decided: December 29, 1978.
COMMONWEALTH OF PENNSYLVANIA
RAYMOND L. GORE, APPELLANT
No. 1055 October Term, 1977, Appeal from the Judgment of Sentence imposed on February 7, 1977, by the Court of Common Pleas-Criminal of Lycoming County, at No. 76-10,020.
George E. Lepley, Jr., Assistant Public Defender, Williamsport, for appellant.
Robert F. Banks, First Assistant District Attorney, Greenville, for Commonwealth, appellee.
Watkins, President Judge, and Jacobs, Hoffman, Cercone, Price, Van der Voort and Spaeth, JJ. Spaeth, J., concurs in the result. Watkins, former President Judge, and Hoffman, J., did not participate in the consideration or decision of this case.
[ 262 Pa. Super. Page 545]
Following a jury trial commenced on July 19, 1976, appellant was convicted of rape,*fn1 involuntary deviate sexual intercourse,*fn2 burglary,*fn3 robbery,*fn4 and theft.*fn5 Post-verdict motions were denied and appellant was sentenced to a prison term of from five to ten years. Appellant now contends that several reversible errors were made by the court below. We disagree and affirm the judgment of sentence.
Viewing the evidence in the light most favorable to the Commonwealth as verdict winner, Commonwealth v. Burton, 450 Pa. 532, 301 A.2d 599 (1973), the following facts were adduced at trial. On December 10, 1975, appellant knocked on the door of Frances Hibbler's apartment and inquired whether "Frances" or "Fran" resided therein. After Miss Hibbler identified herself as Fran, appellant placed his hand around the victim's mouth and forced her into the apartment. The assailant announced that this was a hold-up and threatened to kill Miss Hibbler if she screamed. Ordering her to remain on the bedroom floor, appellant examined the apartment, after which he blindfolded and gagged the victim as well as tying her hands. Momentarily removing the gag, appellant forced the victim to engage in an act of oral sex, followed immediately by insertion of his penis into her vagina. Appellant then took an amount of money from Miss Hibbler's purse and threatened to kill her if she related the
[ 262 Pa. Super. Page 546]
incident to anyone. Following his departure, Miss Hibbler spoke with two roommates, her sister, and an attorney, after which she decided to report the incident to the police.
Appellant first contends that Officer Staje's testimony relating to the victim's description of her assailant was hearsay, and its admission reversible error. Specifically, during direct examination, Miss Hibbler pointed to appellant and identified him as the assailant. On redirect examination, she was asked to repeat the description of the perpetrator that she had given to the police approximately three hours after the incident. An objection was sustained to this testimony on the grounds of improper redirect examination. Subsequently, Officer Staje testified over a hearsay objection to the description of the attacker given by Miss Hibbler.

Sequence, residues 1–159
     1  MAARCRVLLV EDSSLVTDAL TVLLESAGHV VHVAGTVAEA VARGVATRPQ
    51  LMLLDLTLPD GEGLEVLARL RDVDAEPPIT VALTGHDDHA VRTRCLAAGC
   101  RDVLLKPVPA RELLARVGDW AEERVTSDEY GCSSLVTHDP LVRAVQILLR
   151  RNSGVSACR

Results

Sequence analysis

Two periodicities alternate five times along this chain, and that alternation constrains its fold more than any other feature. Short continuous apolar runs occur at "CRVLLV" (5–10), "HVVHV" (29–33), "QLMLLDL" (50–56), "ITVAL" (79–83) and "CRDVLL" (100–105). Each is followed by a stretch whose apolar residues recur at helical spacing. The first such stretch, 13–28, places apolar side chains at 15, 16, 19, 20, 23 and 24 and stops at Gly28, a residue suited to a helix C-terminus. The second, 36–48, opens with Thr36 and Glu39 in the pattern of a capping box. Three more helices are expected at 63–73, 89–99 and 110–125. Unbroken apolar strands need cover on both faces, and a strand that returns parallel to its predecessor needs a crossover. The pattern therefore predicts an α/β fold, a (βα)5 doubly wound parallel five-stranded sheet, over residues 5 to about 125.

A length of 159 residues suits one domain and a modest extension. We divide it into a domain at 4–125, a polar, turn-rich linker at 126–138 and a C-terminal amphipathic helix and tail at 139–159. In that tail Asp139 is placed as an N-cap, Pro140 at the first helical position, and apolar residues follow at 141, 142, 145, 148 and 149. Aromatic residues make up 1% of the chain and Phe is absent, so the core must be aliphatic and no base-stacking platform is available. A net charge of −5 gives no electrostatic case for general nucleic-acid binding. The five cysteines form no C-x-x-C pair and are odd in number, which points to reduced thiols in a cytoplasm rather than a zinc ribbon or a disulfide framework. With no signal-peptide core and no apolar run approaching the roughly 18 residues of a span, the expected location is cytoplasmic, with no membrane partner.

Appellee and the court below have advanced different theories in support of the testimony's admissibility. The former argues strenuously that the description was a prior identification and thus admissible as substantive evidence, citing Commonwealth v. Saunders, 386 Pa. 149, 125 A.2d 442 (1956), while the latter opined that the description constituted a prior consistent statement employable to rehabilitate Miss Hibbler, who had been impliedly accused of a recent fabrication, see, e. g., Commonwealth v. Wilson, 394 Pa. 588, 148 A.2d 234, cert. denied, 361 U.S. 844, 80 S.Ct. 97, 4 L.Ed.2d 82 (1959). We conclude that the testimony was properly admitted on the latter ground. In reaching this decision it is necessary to discuss certain recognized exceptions to the hearsay rule which might apply to the instant situation.
Initially, of course, Officer Staje's statement as to the victim's identification was hearsay under the generally accepted version of the rule, i. e. an out of court statement offered to prove the truth of the matter asserted. See, e. g., Commonwealth v. Wright, 455 Pa. 480, 317 A.2d 271 (1974); see generally V Wigmore, Evidence, § 1361 et seq. (Chadbourn rev. 1974). First, it is well established that a declaration, although hearsay, may be admissible if the declarant's statement was a spontaneous reaction to an occurrence
[ 262 Pa. Super. Page 547]